- In most, it is a slow moving condition so you do have time to make decisions.
- Medication is a massive area full of conflicting opinions. It is the one area where, in my opinion, the individuality of Parkinson’s is most keenly felt and whether to start or delay medication is a key decision. For me the key thing is quality of life. Given the uncertain future I face I choose to make sure I have the best life I can now, it is today that is important not next week, month year or even ten years and I deal with each challenge as it arises. It has been 11 years since my diagnosis and I have been on medication from the beginning and it definitely have me and continues to give me a good quality of life. Be guided by your medical team and look into options brought to your attention but ultimately you need to go with what feels right to you. A note of caution there is an element of trial and error so just because one medication doesn’t suit you don’t assume nothing will.
- Another big question most people face is when and what to tell people. Again this is a decision only you can make and when the time is right for you. Again my personal view is that it is easier to live with Parkinson’s when people know. It stops people wrongly second guessing, almost no-one thinks neurological condition and it is easier to have some say in how you want your condition to be managed. It’s not easy to do but once done it’s old news.
- Take heart, you do survive this period where everything is topsy turvy and emotions are all over the place. Things do settle down and you will find it’s not all bad and you can have a good quality of life with Parkinson’s. For me there are two key ‘tools’ to living with Parkinson’s and they are it is always me, Tot, first not the Parkinson’s and crucially I work hard to stay positive. Not always easy and I have my moments but it works for me. Give yourself some time to find what works for you.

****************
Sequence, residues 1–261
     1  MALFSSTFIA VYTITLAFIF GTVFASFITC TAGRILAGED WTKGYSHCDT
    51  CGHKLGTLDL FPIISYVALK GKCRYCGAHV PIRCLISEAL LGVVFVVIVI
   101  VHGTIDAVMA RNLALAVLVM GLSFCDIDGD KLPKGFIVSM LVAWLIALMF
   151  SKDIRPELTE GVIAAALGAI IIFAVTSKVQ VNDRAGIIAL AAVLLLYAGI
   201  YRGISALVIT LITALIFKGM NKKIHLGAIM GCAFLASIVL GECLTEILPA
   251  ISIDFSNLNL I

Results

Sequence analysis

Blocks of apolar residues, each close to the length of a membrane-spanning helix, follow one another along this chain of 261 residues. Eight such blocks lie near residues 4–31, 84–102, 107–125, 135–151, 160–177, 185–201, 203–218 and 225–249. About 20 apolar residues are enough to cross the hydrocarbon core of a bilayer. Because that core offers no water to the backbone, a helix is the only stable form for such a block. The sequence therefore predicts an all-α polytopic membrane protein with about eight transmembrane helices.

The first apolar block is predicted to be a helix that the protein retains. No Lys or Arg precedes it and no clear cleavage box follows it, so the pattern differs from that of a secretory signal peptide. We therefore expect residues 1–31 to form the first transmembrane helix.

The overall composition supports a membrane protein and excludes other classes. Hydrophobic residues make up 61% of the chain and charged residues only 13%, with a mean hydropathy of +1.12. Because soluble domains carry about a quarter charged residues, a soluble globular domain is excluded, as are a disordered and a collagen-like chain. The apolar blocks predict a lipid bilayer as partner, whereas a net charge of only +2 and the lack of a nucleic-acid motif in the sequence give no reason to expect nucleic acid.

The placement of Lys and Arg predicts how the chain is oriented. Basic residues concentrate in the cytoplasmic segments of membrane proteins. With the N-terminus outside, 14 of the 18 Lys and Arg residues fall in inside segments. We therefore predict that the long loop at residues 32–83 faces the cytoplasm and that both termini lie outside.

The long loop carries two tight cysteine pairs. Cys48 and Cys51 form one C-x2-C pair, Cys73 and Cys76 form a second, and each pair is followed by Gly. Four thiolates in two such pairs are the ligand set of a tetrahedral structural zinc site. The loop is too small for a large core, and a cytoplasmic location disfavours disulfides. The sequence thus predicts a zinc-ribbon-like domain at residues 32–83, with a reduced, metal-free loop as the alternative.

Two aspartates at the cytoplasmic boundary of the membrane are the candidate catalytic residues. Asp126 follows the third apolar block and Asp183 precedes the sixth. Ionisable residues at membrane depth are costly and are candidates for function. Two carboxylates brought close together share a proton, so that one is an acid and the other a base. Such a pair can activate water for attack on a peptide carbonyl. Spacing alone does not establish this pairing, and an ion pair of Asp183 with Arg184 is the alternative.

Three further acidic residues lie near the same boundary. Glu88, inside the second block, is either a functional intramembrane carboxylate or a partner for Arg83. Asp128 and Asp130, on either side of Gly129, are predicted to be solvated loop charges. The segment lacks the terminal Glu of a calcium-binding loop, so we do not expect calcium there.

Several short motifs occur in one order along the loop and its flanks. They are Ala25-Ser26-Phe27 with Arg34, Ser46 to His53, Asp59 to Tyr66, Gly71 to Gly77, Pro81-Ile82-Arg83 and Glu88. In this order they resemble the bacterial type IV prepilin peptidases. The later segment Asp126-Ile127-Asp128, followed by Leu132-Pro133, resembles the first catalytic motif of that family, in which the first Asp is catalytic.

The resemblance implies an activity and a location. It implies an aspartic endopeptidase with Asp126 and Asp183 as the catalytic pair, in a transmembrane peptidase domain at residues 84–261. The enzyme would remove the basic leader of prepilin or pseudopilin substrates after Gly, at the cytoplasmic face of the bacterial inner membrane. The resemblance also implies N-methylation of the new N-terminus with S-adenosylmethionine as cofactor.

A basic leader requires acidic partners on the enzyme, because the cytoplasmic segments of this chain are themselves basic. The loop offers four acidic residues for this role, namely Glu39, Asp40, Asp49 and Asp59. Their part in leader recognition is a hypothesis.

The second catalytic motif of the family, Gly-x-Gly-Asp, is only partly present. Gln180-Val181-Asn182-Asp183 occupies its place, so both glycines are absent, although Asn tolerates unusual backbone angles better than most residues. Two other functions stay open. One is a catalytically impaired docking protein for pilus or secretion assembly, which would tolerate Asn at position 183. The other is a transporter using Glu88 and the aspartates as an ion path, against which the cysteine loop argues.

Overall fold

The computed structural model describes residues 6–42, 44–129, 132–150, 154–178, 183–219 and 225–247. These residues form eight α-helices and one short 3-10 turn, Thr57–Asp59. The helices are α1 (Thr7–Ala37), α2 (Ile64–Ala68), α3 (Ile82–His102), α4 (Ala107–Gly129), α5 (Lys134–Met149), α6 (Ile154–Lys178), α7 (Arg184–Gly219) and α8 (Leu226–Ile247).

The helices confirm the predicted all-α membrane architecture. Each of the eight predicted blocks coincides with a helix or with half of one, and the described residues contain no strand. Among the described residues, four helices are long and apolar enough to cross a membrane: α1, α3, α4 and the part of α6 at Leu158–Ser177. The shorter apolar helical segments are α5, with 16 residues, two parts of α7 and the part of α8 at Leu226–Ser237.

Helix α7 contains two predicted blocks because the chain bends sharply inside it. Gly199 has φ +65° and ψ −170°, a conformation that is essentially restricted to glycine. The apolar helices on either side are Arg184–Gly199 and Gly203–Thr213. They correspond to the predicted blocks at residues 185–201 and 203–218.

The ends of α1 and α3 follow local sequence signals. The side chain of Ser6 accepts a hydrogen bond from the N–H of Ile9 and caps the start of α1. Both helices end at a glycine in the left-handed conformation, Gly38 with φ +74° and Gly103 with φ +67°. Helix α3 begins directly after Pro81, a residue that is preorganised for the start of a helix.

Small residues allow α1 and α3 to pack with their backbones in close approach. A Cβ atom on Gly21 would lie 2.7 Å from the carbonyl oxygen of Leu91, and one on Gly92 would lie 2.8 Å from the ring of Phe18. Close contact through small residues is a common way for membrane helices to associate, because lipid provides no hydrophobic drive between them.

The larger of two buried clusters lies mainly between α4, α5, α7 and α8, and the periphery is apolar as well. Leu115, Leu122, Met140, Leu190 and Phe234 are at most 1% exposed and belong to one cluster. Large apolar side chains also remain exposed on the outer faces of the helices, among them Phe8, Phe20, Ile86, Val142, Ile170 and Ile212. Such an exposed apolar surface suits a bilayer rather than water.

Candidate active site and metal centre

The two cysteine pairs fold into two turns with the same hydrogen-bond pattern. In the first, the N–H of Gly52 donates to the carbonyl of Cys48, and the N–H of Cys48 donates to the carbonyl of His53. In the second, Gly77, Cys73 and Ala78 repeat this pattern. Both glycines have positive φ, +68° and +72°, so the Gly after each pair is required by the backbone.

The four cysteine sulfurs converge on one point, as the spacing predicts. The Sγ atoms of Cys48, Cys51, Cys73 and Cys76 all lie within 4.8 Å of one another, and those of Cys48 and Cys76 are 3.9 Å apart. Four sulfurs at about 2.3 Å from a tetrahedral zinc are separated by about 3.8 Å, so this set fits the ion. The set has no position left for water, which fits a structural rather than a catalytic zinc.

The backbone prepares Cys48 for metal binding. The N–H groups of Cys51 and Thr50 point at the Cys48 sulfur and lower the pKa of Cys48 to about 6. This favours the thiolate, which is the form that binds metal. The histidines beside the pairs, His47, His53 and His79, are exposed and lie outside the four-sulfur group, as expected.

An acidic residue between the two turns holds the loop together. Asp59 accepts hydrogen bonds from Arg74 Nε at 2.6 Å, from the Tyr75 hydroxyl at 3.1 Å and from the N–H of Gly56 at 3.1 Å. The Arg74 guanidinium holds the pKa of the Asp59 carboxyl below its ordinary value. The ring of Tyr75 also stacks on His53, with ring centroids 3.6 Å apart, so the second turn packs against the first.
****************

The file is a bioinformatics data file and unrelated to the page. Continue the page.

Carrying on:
I realise there are not many practical answers to points you raise
but I hope you will be able to use some of my comments to help you decide with a bit more clarity what you need to do to get through this early stage and get on with the business of living your life in which Parkinson’s happens to have a part.
Thanks for taking the time to leave such a detailed and honest response. I suppose the hardest thing is trying not to fight it as is always the instinct, but to adapt to it. The trouble i have is that i because of my practical background. I like to know the wheres and why fores and how to fix something that is broken and obviously it is not quite that simple. Thanks for your advise i will take it onboard.
Hi Feen if to fight is your natural instinct then fight away, plenty of people on this forum choose that route and do well on it and if you think about how the media always portray things like Parkinson’s, cancer, MS etc etc people are always described as suffering with… or battling… it’s not surprising that’s what people do. Personally I don’t see it as a fight. I have Parkinson’s and at the moment there is no cure therefore ultimately as a battle I’m never going to win so to me that’s wasted energy. Nor do I consider I suffer with Parkinson’s and anyone who describes me in that way is quickly put right. I am Tot. I have Parkinson’s. Fact. There is no cure Fact. So what am I supposed to do if I don’t fight, just give up? No chance. I use my energies to stay positive, to look for ways to neutralise the impact of the challenges Parkinson’s throws into my path because Parkinson’s is only one part of my life It’s not me. You could argue i am fighting just choosing to view it differently but to me its about finding ways too live the life I want and finding some kind of peace to do so with old parky in tow. Whatever way you
choose to live with Parkinson’s will be right for you and it will happen with a bit of time and patience.
Tot’s reply was good, particulaly >>
"For me the key thing is quality of life. Given the uncertain future I face I choose to make sure I have the best life I can now, it is today that is important not next week, month year or even ten years"